Tuesday, May 22, 2012

Sexual assault in the workplace

An interesting heath and safety story that got basically zero media play this weekend is about a contract cleaner at MacEwan University in Edmonton. The cleaner alleges she was sexually assaulted on the job and, when she complained to her supervisor, she was terminated along with her mother.

The worker, with support from SIEU (which is trying to organize workers of the contract cleaning company at other locations), filed complaints with the police, the human rights commission and occupational health and safety. Here is an excerpt from the human rights complaint filed by the cleaner:
“I was sexually harassed and assaulted by a co-worker. I ran to the front desk and called my supervisor. I explained what happened and my supervisor did not investigate the situation. Instead he told me I was fired. When my mother, who was also an employee, asked questions about the situation, she was also told she was fired. Although I was worried about further assaults from my coworker and it was cold outside, my supervisor insisted that I leave the building and wait alone outside, first for my mother to finish her shift, and then after my mother was also fired, for my mother and I to wait for the police to arrive. The employer and my supervisor had no interest in ensuring my safety or that of any of the women working on my shift and my supervisor has subsequently made it clear that he will not provide assurances that if I were to return to work, the employer would be committed to assuring a safe working environment.”
This sort of event is distressingly common. There are about 350,000 reported violent incidents in Canadian workplaces each year, including about 85,000 sexual assaults (see this StatsCan report for details).

While we do not have all of the information about this particular case, let’s assume for the moment that the assertions that (1) the worker was terminated after reporting an workplace sexual assault and (2) her employer told her to wait outside after terminating her are true.

The Occupational Health and Safety Act requires workers to refuse work involving imminent danger and report instances of imminent danger (s.35(1) and (3)) and employers are also prohibited from disciplining workers who do so (s.36). Sexual assault by a co-worker is not a normal hazard of an occupation and continuing to work with a co-worker who has sexually assaulted a worker appears to pose a risk of imminent danger. Terminating a worker for reporting such a danger seems to be “discipline” as contemplated by the Act.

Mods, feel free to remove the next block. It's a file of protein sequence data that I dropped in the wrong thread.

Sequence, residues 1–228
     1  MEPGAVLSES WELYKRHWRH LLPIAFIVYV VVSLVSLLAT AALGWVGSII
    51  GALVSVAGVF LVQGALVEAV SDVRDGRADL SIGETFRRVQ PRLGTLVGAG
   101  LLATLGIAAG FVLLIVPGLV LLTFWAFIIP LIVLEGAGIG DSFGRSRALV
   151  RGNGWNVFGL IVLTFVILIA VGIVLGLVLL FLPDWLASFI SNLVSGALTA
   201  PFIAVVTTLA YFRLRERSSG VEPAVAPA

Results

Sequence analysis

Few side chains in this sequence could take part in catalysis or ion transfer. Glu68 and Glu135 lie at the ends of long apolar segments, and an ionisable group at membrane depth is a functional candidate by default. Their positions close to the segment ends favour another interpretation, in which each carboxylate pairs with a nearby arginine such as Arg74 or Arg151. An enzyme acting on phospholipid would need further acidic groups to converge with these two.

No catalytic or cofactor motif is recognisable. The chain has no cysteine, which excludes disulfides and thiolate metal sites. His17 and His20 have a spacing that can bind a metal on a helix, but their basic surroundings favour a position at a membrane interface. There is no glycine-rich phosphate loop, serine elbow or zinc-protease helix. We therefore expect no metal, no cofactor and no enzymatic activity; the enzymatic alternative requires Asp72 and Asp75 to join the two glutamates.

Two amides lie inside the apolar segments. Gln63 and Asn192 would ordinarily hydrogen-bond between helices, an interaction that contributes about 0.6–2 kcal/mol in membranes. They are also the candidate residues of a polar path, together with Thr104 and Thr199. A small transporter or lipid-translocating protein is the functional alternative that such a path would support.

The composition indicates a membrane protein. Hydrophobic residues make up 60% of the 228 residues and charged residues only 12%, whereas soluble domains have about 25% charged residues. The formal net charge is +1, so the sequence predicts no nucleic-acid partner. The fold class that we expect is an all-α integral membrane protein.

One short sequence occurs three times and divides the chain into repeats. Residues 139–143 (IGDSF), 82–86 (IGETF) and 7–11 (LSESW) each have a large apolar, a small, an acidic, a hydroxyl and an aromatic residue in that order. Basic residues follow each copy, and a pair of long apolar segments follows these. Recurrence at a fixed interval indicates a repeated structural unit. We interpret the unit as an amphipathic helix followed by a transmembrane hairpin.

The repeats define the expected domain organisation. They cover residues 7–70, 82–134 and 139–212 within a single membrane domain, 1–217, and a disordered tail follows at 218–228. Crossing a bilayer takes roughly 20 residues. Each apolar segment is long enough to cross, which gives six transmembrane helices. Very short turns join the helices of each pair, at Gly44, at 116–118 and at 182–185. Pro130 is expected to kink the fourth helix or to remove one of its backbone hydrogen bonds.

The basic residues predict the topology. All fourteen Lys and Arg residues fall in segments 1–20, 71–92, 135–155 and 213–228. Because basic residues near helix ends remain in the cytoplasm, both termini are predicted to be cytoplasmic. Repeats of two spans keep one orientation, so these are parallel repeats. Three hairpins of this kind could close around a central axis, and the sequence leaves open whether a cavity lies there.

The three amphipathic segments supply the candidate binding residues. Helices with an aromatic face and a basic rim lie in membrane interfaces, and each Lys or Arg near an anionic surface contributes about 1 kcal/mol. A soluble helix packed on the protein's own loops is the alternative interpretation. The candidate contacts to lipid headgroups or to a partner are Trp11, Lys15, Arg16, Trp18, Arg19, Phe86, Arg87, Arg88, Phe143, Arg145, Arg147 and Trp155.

The Act also employers (as far as reasonably practicable) ensure the health and safety of workers (s.2(1)(a)(i)). Refusing to investigate a complaint and then kicking a victim of sexual assault to the curb (where she would be exposed to the risk of another assault) seems to be a failure to ensure the health and safety of a worker. In this way, the employer’s alleged actions appear to be a violation of the OHS Act as well as common sense and decency.

Assuming the government accepts the worker’s complaint and the investigation supports the worker’s version of events, the question becomes, what will the government do? OHS inspectors typically order remediation in Alberta. It would seem to me, though, that this is an instance where a harsher penalty (i.e., prosecution) is in order. 

It will also be interesting to see how MacEwan University reacts. While MacEwan does not have direct involvement in this (cleaning is done by a contractor), its employees and students as well as the public (which funds it) have certain expectations. If the contractor does not take swift action, MacEwan may face some pressure to terminate its relationship with the contractor.

-- Bob Barnetson

1 comment:

  1. You can see the worker tell her story here:


    It is pretty powerful to watch her tell her story. Unless this a complete fabrication (which seems pretty unlikely to me), the employer has some explaining to do.